CHINA> National
Dealers turn to pawnshops as loans dry up
Updated: 2009-02-19 22:50

SHANGHAI -- When Chinese businessman Roger Zhang needed a bridging loan for his steel company, he went to a pawn shop to get a cash flow injection to keep his business afloat.

Workers check jewellery and watches at the Oriental Pawn shop in Shanghai February 9, 2009. [Agencies]

Turned away by banks caught in the credit crunch, Roger, like many Chinese businessmen, borrows from pawn shops instead. In this case, he paid off the loan a few days later when a customer made payment on a big steel purchase.

"The financial crisis has an obvious impact on our businesses. There's a shortage of liquidity in the market," said Zhang, whose business is in Wenzhou, in eastern China.

With China's economy stumbling along at its slowest growth in seven years and banks wary of lending as defaults rise, small business operators are hocking belongings and company assets for loans from pawn shops.

"Banks are reluctant to lend," said Huang Jing, deputy business manager at Shanghai Oriental, the city's second-biggest pawn shop. "But we have a lower threshold and can provide loans much more quickly and with shorter terms".

Banned at the start of the cultural revolution, pawn shops were considered a form of capitalist exploitation preying on poor and desperate people. They remained outlawed for two decades, until 1987, but they are now doing a brisk trade.

From gold bullion to houses and factory equipment, customers are offering all sorts of assets to get loans from pawn shops.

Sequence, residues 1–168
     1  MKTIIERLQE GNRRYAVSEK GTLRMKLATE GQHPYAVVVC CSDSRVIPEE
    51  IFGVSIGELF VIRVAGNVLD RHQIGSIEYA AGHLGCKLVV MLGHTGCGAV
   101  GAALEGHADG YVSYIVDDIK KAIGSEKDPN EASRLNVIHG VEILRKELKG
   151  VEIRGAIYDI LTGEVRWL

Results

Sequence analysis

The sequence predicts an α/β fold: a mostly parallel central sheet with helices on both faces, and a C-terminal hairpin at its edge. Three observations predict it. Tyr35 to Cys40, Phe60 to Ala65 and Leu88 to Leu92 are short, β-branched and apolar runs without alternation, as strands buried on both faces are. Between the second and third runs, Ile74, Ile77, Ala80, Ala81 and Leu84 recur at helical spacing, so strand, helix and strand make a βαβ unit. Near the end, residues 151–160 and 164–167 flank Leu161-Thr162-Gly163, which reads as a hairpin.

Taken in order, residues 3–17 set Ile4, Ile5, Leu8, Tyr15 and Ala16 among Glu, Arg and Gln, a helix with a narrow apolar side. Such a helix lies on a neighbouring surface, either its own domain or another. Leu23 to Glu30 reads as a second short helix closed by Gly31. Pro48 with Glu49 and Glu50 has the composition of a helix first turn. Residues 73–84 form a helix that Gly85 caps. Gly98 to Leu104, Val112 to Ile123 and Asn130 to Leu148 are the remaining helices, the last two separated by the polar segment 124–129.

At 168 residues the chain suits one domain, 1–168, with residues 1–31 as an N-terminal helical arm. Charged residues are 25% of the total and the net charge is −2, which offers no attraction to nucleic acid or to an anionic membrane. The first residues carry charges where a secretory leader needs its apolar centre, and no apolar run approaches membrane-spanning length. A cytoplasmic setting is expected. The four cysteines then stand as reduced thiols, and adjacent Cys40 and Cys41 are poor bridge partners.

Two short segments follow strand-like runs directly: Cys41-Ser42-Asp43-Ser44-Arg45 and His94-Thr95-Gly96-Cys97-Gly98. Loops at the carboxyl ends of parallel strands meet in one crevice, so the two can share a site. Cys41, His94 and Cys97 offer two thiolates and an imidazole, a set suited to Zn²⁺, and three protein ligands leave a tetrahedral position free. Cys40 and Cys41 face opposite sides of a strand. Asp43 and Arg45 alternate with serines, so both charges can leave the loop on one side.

An auto dealer pawned his downtown apartment against a 4 million yuan ($585,000) credit line to secure funds for his business. A real estate developer gave his unsold properties as collateral to get an emergency loan while waiting to secure bank funds. And a construction company owner hocked his villa to get a loan to pay workers' salaries.

They are all typical of a growing number of business owners in China taking out pawn shop loans to maintain cash flow as an economic slowdown hurts sales and as banks become more cautious towards small lenders.

"The financial crisis has squeezed liquidity, and many companies face an acute shortage of cash. That's why demand has increased," said Martine Ma, general manager of Shanghai Hengtong Pawn Broking Co. "On the other hand, risks have also increased."

Risks, Rivals

At pawn shops, as well as banks, loan defaults are on the rise.

Thousands of small businesses in China have folded in the global downturn, which has sent China's exports plummeting by 17.5 percent in January compared to a year earlier.

Meanwhile, the value of many items used as collateral for pawn shop loans, such as gold and copper, has plunged.

Pawn shops also face intensified competition as the government hands out more licences and encourages the development of other non-bank lenders, such as small loan companies, to support China's struggling private sector.

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